Equality Virginia disappointed in House subcommittee vote

equality virginiaVirginia House of Delegates Subcommittee #4 on General Laws chose not to decisively vote on two of the unprecedented six anti-LGBT bills heard during the meeting by tabling them and sending them to be reviewed by the Virginia Code Commission. Two other anti-LGBT bills were voted to report back to the full committee, while HB 773 (Gilbert) was passed by for the day.

Equality Virginia, along with gay and transgender community advocates, attended the subcommittee meeting to testify against the harmful legislation and speak in support of the pro-equality bills. The following two anti-bills opposed by Equality Virginia were passed on to the Code Commission:

  • HB 77 (Marshall): Allows for discrimination in violation with federal policy
  • HB 397 (LaRock): Contradicts federal policy, narrowly defines sex and gender to exclude transgender people from any protections against discrimination

With HB 781 substituting for HB 663, the following two bills opposed Virginia’s gay and transgender community will report back to the full House Committee on General Laws:

  • HB 385 (Marshall): Removes discrimination protections covering more than 1/4 of gay and transgender public school employees
  • HB 781 (Cole): Stigmatize transgender youth and force them to use incorrect public accommodations

The six anti-LGBT bills on the docket for House Subcommittee #4 seek to harm gay and transgender Virginians in a number of ways, from discriminating against LGBT families to prohibiting transgender people and youth from using the appropriate restrooms in schools and government buildings.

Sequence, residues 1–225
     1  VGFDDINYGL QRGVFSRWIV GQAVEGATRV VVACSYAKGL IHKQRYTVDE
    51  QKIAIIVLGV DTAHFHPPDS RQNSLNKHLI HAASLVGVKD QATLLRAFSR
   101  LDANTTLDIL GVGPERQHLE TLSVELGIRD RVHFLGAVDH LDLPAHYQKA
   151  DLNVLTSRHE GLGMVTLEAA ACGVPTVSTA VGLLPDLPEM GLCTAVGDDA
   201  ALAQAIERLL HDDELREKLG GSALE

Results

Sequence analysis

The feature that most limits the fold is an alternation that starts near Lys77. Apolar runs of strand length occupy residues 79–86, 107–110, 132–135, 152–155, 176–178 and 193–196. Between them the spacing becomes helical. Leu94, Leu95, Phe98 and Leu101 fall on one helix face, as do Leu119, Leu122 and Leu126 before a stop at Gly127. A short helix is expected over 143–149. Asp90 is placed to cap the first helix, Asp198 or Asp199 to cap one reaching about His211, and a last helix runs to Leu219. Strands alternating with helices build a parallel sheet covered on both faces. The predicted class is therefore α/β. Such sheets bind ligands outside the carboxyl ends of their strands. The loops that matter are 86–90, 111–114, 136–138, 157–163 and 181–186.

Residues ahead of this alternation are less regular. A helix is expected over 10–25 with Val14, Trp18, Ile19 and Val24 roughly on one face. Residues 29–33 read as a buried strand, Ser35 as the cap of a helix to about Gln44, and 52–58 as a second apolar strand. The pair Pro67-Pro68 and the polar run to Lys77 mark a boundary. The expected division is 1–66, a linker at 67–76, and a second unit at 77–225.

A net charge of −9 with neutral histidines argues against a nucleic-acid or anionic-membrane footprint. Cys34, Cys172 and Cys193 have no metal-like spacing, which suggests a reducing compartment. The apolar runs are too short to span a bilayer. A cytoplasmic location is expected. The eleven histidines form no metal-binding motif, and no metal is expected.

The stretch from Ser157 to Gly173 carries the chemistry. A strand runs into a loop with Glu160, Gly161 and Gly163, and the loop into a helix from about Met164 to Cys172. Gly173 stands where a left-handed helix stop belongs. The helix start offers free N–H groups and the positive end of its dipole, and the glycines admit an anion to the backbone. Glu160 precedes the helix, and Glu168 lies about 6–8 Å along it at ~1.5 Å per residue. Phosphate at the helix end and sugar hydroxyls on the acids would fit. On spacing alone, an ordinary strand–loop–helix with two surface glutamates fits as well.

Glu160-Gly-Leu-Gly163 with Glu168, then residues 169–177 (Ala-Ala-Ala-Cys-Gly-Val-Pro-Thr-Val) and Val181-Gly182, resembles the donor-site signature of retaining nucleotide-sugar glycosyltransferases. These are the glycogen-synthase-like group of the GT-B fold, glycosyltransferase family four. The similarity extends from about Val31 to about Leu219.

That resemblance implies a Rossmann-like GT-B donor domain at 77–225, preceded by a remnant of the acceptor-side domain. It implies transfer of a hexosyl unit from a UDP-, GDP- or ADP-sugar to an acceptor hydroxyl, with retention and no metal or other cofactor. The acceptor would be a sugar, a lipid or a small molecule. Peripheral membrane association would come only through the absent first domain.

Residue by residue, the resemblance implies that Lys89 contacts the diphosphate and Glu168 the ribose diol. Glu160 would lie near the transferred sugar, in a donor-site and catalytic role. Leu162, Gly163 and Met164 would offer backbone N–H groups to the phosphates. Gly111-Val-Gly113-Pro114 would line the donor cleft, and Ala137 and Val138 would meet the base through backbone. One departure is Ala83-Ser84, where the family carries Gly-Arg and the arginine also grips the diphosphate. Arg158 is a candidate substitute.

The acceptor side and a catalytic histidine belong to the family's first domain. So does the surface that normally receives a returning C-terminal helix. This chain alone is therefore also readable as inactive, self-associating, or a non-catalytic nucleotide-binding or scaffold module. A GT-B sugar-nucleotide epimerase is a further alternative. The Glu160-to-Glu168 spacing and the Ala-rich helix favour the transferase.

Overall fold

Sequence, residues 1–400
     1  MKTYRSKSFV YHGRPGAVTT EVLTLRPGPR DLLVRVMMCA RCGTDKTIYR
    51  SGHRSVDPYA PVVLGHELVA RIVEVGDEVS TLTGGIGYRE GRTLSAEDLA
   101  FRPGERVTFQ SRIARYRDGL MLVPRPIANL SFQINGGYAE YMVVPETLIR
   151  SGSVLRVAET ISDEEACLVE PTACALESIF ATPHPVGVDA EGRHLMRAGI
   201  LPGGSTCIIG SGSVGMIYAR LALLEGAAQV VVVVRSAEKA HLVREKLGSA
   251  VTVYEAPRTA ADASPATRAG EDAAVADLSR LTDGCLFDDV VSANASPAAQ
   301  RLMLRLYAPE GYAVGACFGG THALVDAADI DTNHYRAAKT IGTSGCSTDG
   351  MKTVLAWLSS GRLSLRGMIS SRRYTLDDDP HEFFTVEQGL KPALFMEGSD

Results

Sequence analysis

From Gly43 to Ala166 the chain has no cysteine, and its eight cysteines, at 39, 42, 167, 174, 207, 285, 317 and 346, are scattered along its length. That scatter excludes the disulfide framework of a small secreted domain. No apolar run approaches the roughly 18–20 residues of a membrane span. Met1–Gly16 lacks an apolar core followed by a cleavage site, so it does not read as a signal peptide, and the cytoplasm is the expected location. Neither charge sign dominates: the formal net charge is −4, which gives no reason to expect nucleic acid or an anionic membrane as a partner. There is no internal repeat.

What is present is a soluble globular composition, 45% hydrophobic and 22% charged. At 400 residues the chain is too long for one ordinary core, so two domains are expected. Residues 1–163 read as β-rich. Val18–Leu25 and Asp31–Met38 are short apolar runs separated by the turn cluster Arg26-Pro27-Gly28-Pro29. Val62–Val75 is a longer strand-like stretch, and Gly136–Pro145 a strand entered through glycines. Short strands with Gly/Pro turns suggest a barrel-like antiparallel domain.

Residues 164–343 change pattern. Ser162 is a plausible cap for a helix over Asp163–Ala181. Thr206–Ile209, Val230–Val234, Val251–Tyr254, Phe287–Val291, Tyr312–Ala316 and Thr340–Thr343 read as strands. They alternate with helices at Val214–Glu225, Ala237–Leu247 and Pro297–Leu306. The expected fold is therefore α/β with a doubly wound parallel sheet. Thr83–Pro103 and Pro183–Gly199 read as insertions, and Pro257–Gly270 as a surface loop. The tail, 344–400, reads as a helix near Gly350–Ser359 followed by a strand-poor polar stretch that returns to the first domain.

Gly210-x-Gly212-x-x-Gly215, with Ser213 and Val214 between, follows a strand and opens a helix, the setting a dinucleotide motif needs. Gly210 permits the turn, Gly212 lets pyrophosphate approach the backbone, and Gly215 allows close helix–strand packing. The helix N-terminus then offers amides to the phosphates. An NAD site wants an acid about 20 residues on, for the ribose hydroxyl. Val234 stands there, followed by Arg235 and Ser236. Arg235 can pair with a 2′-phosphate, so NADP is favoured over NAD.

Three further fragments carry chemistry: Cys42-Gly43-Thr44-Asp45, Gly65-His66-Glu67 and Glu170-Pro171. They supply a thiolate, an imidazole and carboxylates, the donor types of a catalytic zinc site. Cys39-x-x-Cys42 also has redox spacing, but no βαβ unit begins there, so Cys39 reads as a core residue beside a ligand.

“Today Delegates Hodges, Wright, Knight, Bell, and Leftwich stood in the path to progress and equality by choosing not to vote on bills that would harm gay and transgender Virginians, as well as bills that would provide them much needed protections.  These delegates refuse to acknowledge what the majority of Virginia has long believed: protecting LGBT Virginians is not only the right thing to do, but it’s what is best for the overall success of the commonwealth,” said Executive Director James Parrish. “Our hope now is the broad Republican support in the Senate will provide the bipartisan support needed to properly and accurately represent Virginia’s people and the Code Commission will take these issues into serious consideration in the upcoming year.”

While Equality Virginia expresses disappointment at the subcommittee’s lack of votes on the legislation heard, EV also thanks the seven patrons of pro-equality bills that would protect LGBT people across the commonwealth. While all pro-equality legislation heard at the subcommittee were also tabled and passed onto the Code Commission, these legislators are helping to pave the way for full, lived and legal equality in Virginia.

Equality Virginia will continue to monitor any bills affecting Virginia’s LGBT community as they move out of committee and to the floor.

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